At the monthly Cafe Europa lunch hosted by Jewish Family Service of Central New Jersey on Nov. 17, the 25 Holocaust survivors in attendance had a double treat — Yiddish songs performed by an area cantor and the attention and comfort of a social worker recently appointed to care for them.
Faith Fisch, a mother of four and an activist with a number of community organizations, was familiar to some. She worked for the agency in the past, doing intake interviews with new clients, and then took a break when she had twins. They are now two-and-a-half, and she returned a few months ago, thanks to a grant from the Conference on Jewish Material Claims against Germany.
The money is part of a $250,000 increase in 2011 funding from the conference to the 11 JFS agencies in New Jersey, to cover services that help the aging survivors stay in their own homes. As lead agency for the state, JFS of Central NJ oversees those allocations.
Fisch’s duties include visiting survivors in their homes and organizing social functions, like Cafe Europa, to bring them together. She provides counseling and coordinates visits by home health aides and housekeepers and the kosher meals-on-wheels some receive. She also assists them with emergency response systems, food stamps, and Medicaid.
In addition, Fisch helps the survivors with the paperwork involved in getting compensation from Germany, and financial assistance for things like medical and utility bills and safety equipment.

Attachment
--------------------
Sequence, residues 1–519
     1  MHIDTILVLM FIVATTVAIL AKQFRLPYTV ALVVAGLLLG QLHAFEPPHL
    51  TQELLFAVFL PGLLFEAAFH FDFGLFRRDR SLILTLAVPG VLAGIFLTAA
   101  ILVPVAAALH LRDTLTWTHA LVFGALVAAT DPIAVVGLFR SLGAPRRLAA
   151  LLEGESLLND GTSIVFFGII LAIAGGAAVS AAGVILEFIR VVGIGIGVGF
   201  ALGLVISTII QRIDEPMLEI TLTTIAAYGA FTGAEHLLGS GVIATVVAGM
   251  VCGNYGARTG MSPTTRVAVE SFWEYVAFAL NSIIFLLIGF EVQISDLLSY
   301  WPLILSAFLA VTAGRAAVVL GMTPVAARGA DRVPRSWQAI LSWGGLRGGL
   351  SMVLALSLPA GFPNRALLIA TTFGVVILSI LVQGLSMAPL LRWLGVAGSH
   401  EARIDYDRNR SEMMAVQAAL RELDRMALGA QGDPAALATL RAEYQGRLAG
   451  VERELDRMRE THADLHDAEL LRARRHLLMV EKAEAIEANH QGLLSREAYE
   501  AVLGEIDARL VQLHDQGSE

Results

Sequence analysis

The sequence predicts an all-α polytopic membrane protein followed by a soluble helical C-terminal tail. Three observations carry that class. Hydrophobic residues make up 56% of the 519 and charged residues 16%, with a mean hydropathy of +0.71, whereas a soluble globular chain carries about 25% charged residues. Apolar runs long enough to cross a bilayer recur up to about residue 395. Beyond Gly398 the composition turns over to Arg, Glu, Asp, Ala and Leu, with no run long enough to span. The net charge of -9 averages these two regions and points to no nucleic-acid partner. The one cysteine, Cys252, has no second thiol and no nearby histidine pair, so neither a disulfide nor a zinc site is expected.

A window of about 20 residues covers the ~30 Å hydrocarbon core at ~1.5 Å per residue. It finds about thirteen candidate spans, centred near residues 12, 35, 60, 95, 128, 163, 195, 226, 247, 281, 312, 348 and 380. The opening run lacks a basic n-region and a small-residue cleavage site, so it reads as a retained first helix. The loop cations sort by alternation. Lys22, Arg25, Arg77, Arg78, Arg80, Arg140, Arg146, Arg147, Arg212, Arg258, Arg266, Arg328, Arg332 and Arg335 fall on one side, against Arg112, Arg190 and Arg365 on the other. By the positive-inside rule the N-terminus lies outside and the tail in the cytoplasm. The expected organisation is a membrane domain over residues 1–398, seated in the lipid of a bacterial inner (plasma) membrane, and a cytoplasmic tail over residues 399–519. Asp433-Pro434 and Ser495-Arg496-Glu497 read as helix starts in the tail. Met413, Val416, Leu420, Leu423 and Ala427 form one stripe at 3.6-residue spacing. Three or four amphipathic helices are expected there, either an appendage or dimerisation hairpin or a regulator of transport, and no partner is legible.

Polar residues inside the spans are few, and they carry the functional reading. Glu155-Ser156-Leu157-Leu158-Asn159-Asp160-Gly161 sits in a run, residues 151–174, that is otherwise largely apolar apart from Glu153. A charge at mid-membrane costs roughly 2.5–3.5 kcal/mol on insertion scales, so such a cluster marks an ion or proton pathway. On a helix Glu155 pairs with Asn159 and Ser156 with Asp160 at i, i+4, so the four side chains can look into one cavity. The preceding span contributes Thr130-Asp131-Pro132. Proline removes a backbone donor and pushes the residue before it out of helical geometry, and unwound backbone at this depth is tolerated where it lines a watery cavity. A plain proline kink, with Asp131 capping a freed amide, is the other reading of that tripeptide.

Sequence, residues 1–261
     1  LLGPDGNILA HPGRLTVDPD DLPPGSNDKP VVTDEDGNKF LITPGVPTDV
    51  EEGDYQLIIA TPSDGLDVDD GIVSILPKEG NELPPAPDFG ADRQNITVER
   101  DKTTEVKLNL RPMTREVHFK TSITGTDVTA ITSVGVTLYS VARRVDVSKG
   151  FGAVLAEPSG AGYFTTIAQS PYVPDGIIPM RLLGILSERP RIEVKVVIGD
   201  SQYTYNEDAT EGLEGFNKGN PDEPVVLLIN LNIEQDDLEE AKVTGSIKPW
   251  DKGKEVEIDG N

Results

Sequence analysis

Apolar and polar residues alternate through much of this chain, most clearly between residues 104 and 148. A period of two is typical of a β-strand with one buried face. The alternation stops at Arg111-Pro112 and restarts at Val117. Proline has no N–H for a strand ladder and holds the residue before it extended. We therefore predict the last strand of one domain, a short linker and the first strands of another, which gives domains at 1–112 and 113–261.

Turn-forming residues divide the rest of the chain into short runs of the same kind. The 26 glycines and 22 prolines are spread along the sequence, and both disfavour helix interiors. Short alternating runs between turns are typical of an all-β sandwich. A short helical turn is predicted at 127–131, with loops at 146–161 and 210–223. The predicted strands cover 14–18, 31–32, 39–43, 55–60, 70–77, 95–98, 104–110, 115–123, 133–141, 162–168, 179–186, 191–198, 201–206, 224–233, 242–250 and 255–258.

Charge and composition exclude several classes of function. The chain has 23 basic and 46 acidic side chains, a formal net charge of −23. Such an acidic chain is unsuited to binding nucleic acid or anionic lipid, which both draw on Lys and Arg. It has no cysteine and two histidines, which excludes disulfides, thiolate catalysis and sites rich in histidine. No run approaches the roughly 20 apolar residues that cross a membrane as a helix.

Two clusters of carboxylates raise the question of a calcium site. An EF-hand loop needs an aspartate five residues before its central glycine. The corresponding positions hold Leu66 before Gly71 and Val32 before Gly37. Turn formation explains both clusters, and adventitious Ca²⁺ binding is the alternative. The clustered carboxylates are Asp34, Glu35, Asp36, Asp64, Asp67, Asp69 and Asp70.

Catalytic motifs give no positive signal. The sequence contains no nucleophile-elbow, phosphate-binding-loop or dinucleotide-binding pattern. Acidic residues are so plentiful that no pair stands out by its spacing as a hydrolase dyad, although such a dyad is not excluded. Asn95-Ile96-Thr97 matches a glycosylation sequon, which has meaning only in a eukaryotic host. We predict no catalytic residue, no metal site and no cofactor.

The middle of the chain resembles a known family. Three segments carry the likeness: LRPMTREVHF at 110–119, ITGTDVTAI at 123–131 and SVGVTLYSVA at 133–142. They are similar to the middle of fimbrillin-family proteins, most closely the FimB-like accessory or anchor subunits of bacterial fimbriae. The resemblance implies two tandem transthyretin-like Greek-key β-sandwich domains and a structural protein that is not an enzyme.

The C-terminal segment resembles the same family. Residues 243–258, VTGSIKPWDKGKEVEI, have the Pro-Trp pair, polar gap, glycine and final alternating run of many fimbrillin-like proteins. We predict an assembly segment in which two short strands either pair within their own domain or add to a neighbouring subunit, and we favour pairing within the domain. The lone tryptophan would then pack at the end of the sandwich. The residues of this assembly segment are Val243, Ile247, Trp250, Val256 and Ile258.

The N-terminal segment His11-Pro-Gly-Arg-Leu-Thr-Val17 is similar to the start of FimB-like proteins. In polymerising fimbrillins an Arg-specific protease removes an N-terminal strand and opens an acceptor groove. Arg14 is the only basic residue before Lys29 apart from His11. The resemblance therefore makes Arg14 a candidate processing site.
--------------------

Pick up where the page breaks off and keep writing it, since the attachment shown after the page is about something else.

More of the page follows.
JFS executive director Tom Beck said it was helpful both to the survivors and to the agency itself to have a point person overseeing the care plan and services for that population.
Fisch, he said, “is great with the survivors, and it’s wonderful having a single point of contact, a person who is now the expert in this area.”
Fisch’s pleasure in her new position was evident at the lunch. She beamed as she helped people fill their plates and find seats. “There are such wonderful people in this community,” she told NJ Jewish News. “I love working with them. They have been through so much, and they still have so much to give. I love hearing their stories.”
Working with this age group, she added, is helping her personally. “My parents are younger, but it’s giving me a new perspective on how to help them when they get to this age.”
In her role overseeing the monthly Cafe Europa get-togethers, Fisch, who lives in Hillside, had invited Cantor Matthew Axelrod of Congregation Beth Israel in Scotch Plains to sing to the group. It was his first time singing for this audience.
Some of the survivors closed their eyes, solemn or smiling as they swayed in time to the rhythms and sang along with long-remembered lullabies and folk songs.
A few of them gave Axelrod a hard time about his Yiddish pronunciation, complaining that he didn’t say things the way Galitzianers did, but most declared themselves impressed.
“His Yiddish is very clear and proper,” said Ludmila Berenfus, who lives in Union. She asked if he had any CDs or tapes of his singing to sell.
Fisch was delighted that a newcomer was at the lunch. Leo Zelmanovich, who recently moved to Springfield from Ohio to be closer to his daughter and grandchildren, was talked into coming by Pearl Zelmanovich, his cousin’s widow.
Fisch reminded the participants that they will have another musical treat at their next gathering, the Hanukka lunch on Dec. 15, when Jewish Educational Center Yeshiva choir will perform.